The Ampera uses a 16 kWh lithium ion battery to power the 111kW/150 hp electric motor. Depending on the style of driving and road conditions, a distance of between 25 and 50 miles can be covered in the purely battery-operated mode, completely free of emissions. The wheels of the car are always powered electrically. In extended-range mode, which activates whenever the battery has reached its minimum state of charge, the petrol engine drives a generator that supplies the electric drive unit. The range extender enables an operating range of up to 310 miles.
The system removes the issue of ‘range anxiety’ altogether, with the Ampera’s Voltec system helping achieve an impressive 175mpg and combined emissions of below 40g/km, according to official R(EC) 715/2007 regulations
for measuring fuel consumption and CO2 emissions.
Drivers can expect between 25-50 miles of zero-tailpipe emissions motoring (often enough for a typical daily commute), yet thanks to the Ampera range-extender generator, it can be driven for up to 310 miles without having to re-charge the battery or replenish the fuel tank.
The fuel savings look impressive. Charging the battery (rated at 12.7 kW) overnight using a 10 pence per kWh electricity tariff, means Ampera can be fully charged at a cost of £1.27. Consequently, being able to drive 40 or 50 miles from one charge represents a significant saving over the cost of a tank petrol or diesel.
Ian Allen, Manager Environmental Strategy & Ampera, explained more about the design:
“Ampera is known as a Range-Extender, although its technical term is a series Hybrid. Instead of using a combustion engine for primary propulsion, supported by a small electric battery and motor for low speed and short range EV operation to aid efficiency, as with the original Toyota Prius, the Ampera flips this more established concept on its head. Ampera’s is meant to be driven mainly in EV mode with the petrol engine there to cut in when the battery’s charge is depleted.”
As Ampera is primary designed to run on battery power, it must be treated like an electric vehicle.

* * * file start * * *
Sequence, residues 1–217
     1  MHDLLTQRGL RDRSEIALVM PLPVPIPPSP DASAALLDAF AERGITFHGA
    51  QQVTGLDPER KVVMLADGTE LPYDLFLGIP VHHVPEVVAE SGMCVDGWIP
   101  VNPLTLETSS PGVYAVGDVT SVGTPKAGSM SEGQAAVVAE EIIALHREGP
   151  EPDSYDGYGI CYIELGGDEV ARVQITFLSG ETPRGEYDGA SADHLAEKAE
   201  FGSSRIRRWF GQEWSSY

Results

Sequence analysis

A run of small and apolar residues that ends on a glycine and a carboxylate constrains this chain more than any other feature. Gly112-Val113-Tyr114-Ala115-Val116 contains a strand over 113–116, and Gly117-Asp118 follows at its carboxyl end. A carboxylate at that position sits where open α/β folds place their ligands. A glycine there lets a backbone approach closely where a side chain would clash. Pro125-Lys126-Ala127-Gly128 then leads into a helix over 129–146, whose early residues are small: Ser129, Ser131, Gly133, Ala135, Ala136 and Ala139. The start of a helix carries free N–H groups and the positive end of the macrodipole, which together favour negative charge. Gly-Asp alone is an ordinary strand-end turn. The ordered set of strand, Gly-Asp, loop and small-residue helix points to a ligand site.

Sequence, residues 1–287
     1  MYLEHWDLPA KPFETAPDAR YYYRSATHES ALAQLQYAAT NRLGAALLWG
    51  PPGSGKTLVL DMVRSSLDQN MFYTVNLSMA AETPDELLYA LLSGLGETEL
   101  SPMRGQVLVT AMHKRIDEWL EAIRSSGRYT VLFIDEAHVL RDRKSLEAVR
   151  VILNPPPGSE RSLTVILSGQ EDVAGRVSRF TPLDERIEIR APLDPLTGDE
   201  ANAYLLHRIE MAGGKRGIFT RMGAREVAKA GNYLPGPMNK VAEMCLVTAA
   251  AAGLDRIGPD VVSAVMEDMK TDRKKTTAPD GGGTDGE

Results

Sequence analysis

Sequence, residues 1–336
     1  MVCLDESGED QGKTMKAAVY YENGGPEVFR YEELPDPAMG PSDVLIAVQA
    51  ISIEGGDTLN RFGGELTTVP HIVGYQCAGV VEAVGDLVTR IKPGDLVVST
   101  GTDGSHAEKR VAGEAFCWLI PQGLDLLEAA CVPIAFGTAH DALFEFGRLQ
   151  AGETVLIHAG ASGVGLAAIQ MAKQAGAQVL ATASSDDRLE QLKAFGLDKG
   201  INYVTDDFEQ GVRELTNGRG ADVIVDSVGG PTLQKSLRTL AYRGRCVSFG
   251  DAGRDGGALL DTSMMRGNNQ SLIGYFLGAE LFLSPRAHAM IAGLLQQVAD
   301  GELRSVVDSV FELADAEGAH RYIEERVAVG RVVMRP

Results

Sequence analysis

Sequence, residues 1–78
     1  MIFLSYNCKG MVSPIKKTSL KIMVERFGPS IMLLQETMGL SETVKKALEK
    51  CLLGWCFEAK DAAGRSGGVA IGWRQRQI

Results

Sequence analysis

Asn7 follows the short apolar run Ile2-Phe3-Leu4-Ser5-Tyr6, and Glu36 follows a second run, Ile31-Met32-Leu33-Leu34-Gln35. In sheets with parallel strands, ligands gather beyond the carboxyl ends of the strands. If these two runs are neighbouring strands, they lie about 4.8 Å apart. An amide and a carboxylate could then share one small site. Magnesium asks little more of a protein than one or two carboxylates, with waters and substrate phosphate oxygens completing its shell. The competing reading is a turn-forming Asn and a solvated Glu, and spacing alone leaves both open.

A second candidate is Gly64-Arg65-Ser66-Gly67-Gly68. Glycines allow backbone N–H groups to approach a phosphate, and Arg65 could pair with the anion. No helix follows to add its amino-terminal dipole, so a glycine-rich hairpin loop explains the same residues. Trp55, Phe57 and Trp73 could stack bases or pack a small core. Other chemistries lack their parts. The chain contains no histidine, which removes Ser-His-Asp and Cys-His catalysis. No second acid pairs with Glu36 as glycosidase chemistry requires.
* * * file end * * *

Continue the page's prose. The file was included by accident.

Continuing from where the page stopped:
“To fully charge the Ampera’s battery pack and consequently get maximum efficiency, it must be plugged in for 6 hours. Currently a fast charge option isn’t available, with the quickest charge of 4 hours being available using a 16 amp socket. Although the petrol engine is used to extend the range of the vehicle by providing a power-supply to the electric motor when battery power is depleted, it will not re-charge the battery. Doing so would use a substantial amount of fuel, which would be defeating the object.”Although Ampera is effectively an electric vehicle with its own generator, it still won’t be suitable for all drivers – particular reps, as clean diesel engines will prove more efficient for high daily mileage. Yet the flexibility and low-carbon footprint of the car, together with its desirability as a technological tour-de-force, will mean Ampera is expected to find favor with a wide demographic of drivers.
From petrol range extenders, to diesel hybrids. Peugeot was at EcoVelocity showcasing its Hybrid 4 technology – the worlds’ first diesel Hybrid system which utilizes 100% electric- zero emission, Diesel-Electric Power for reduced fuel consumption: Up to 74mpg, from 99g/km CO2, zero emissions in electric mode.
Combining a diesel engine with an electric drive helps lower fuel consumption by up to 35 percent. PSA Peugeot Citroën worked in close cooperation with Bosch to develop the electric components (motor, power electronics, and high-voltage alternator) and configure the ESP® electronic stability program specifically for hybrid vehicles.
The new technology is appearing in both the 3008 and 508 RHX models.
In urban and stop-and-go traffic, the electric drive can also be used on its own, enabling Peugeot models equipped with HYbrid4 to run with zero emissions. Depending on the charge status of the nickel-metal hydride battery, the diesel hybrid can cover a range of about four kilometres on electric power alone. As power falls away, the diesel engine starts automatically.
The Peugeot 508 RXH and 508 Saloon HYbrid4 both utilise the latest modular hybrid technology introduced as a world first on the 3008 HYbrid4. They combine the 2.0-litre HDi 163 Diesel engine to power the front wheels with a 37bhp electric motor to drive the rear wheels.
The hybrid system allows EV only drive up to speeds of 30 mph, with a maximum range of 30 miles before the diesel engine kicks in. There are four different modes: auto, 4wd, sport and ZEV, which is programmed for maximum economy and sees the most battery regeneration.
Aside from the economy benefits are the low emissions of 99g/km CO2 and consequent low annual VED of £20.According to Peugeot, the Hybrid 4 technology found in the 3008, 508 RXH and 508 Saloon will filter through to other models in the Peugeot range.
Alongside main manufacture eco models were interesting oddities, including the French electric vehicle Mia, which first debuted at EcoVelocity 2011.
Designed by the former head of design at Volkswagen, Murat Günak, they come in three configurations – the standard short wheelbase model and two extended models, the mia L and the mia box van.
The basic car is less than 20cm longer than a Smart ForTwo, with the long wheelbase adding another foot to
Thanks to its light-weight construction of tubular chassis and ABS plastic body, the standard model weighs only 765kg, (extended models weigh 786kg) giving it economical power consumption and low running costs of approximately £1.30 per 100 kms).